The residents of Norfolk Island are putting their little slice of paradise on the gourmand’s map, thanks to unique produce and a big dose of enthusiasm. By Tatyana Leonov.
How do two brothers make cheese without any cows? It’s an unusual question, but the folk on Norfolk Island have been dealing with unusual for centuries. Australia’s only self-governed external territory, the pine-dotted subtropical Norfolk Island is a little slice of paradise in the Pacific. today the tiny 8 x 5 kilometre volcanic outcrop is home to some of the best food in the country.
This can primarily be attributed to the unique ecosystem of Norfolk and the people who call it home. About a third of the population is descended from the rebellious Bounty crew and their tahitian partners, a third come from mainland Australia and a third from New Zealand.
Glen and John Christian are direct Bounty descendants, although Glen lived in New Zealand prior to moving back to Norfolk a few years ago. “When I moved here brother John had been milking roy’s [his father-in-law] cows,” he says. “Roy has two cows and the deal is that whoever milks them on that particular day gets to keep the milk. So I told Roy I’d like to learn how to milk a cow.” He pauses to laugh. “For about four months I was milking these cows by hand – it took me hours – three days a week. But we were drinking fresh milk, a rarity here on the island.”
Glen had studied cheesemaking in New Zealand and John is a microbiologist, so they started a boutique cheese business about three years ago. They not only craft cheese (feta, cheddar, haloumi and a cheese the brothers unassumingly call Dars-et, which means ‘that’s it’ in Norfolk), they run tours where guests can sample the hand-made cheeses along with local produce, such as guava jelly, avocados picked straight from the tree, home-made chutneys and honey. “We wanted to come up with a business model where we didn’t have to go out and buy any cows or – even worse – buy land to run the cows on,” John says.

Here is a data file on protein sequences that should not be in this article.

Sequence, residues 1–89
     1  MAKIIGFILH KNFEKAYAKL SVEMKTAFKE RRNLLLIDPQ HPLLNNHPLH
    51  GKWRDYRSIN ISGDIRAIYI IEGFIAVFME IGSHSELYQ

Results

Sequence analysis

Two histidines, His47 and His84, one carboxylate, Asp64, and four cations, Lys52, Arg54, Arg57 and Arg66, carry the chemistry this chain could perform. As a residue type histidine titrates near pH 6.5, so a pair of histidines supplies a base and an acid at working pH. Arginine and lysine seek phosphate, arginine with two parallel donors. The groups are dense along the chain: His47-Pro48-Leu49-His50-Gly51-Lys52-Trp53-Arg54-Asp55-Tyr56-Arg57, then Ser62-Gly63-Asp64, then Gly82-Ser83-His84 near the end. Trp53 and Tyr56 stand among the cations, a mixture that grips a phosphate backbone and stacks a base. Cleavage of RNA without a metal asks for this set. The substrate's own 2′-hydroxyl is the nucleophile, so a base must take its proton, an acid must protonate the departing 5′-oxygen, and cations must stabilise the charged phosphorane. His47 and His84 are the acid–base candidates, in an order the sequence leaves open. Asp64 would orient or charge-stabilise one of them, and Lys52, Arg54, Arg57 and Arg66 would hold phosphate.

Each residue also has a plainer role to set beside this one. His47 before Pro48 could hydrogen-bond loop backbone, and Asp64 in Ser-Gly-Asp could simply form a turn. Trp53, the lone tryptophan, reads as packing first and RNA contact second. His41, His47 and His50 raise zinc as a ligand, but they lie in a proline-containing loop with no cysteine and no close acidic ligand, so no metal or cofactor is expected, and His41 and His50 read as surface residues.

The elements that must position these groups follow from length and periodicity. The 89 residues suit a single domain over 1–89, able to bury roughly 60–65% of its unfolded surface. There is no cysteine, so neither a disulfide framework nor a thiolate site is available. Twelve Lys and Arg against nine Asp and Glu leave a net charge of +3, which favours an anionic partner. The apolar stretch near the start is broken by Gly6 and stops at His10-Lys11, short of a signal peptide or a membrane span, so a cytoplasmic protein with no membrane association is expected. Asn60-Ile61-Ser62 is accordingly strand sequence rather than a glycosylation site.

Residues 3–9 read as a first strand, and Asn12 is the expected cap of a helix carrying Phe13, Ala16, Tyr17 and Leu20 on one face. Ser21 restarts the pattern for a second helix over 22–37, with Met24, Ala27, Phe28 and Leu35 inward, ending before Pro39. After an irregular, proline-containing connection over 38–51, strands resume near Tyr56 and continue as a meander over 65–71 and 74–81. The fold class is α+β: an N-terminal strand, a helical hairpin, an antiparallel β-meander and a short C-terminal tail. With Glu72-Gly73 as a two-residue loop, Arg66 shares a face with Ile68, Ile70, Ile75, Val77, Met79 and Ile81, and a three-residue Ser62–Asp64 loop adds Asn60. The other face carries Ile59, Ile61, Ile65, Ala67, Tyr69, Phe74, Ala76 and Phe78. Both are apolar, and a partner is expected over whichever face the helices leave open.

Any island resident can legally own up to 10 licensed walkabout cows, no paddock required (cows get right of way on the roads), however 99% of the cows on the island are raised exclusively for beef.
“To keep the maths simple, let’s say a cow has a lifespan of two years,” John says. “After two years one cow is worth $900, on average. with our model we simply said: ‘If you let us milk your cow it might give us five litres a day. We’ll give you $5 a day. So at the end of the month you’ve got $150 for nothing. And at the end of two years you’ve got $2000 and a cattle animal that you can sell for $900.’” Glen laughs. “Or don’t let us milk it and you can have $900 at the end of two years. We’ve milked as little as two and just recently we’ve been given access to 15.”
The brothers aren’t the only ones taking a novel approach to dairy. Emily Ryves is the island’s only goat-cheese maker. sporting a mane of wavy blond hair and an infectious smile, she doesn’t stop working when she chats. “My parents run a pottery business and I grew up wanting to work for myself too,” she says. “I love food and farming, so I decided to pursue goat farming.”
As goals go, it wasn’t an easy dream to chase given the island’s location and quarantine regulations. “I was trying to source goats from anywhere – Victoria, New South Wales, New Zealand – but nobody want to help,” Emily says. Then along came renowned dairy goat owner Noelene Dean. “She was holidaying here and heard about me,” Emily says. “She sourced all my stock for me. And so one Billy goat and four does arrived in March, 2013.” Emily laughs, “She’s my goat guru lady!”